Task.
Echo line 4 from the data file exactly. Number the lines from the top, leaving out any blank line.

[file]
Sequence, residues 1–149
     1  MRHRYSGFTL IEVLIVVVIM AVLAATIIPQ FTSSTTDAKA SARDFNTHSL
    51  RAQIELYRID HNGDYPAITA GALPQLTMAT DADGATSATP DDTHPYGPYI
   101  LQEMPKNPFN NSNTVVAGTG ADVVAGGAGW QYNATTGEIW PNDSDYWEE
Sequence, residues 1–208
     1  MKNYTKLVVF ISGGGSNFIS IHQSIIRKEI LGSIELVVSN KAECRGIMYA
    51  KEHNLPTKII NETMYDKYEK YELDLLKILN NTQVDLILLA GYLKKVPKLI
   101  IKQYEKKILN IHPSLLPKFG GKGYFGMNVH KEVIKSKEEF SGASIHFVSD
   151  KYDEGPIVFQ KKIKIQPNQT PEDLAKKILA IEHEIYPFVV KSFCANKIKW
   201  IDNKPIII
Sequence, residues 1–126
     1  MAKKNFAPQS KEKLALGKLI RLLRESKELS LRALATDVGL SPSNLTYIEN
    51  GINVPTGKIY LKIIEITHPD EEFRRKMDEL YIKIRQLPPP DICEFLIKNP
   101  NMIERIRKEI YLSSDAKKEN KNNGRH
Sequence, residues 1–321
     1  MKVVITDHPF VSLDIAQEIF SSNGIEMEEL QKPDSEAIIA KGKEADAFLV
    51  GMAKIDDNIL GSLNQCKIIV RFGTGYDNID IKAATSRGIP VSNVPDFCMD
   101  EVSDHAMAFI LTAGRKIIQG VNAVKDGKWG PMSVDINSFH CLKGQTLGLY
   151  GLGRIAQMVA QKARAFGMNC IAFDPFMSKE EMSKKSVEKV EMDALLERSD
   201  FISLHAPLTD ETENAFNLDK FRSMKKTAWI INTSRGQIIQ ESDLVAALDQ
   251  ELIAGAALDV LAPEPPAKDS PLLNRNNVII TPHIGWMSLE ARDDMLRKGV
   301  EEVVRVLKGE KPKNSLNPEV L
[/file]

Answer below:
   101  LQEMPKNPFN NSNTVVAGTG ADVVAGGAGW QYNATTGEIW PNDSDYWEE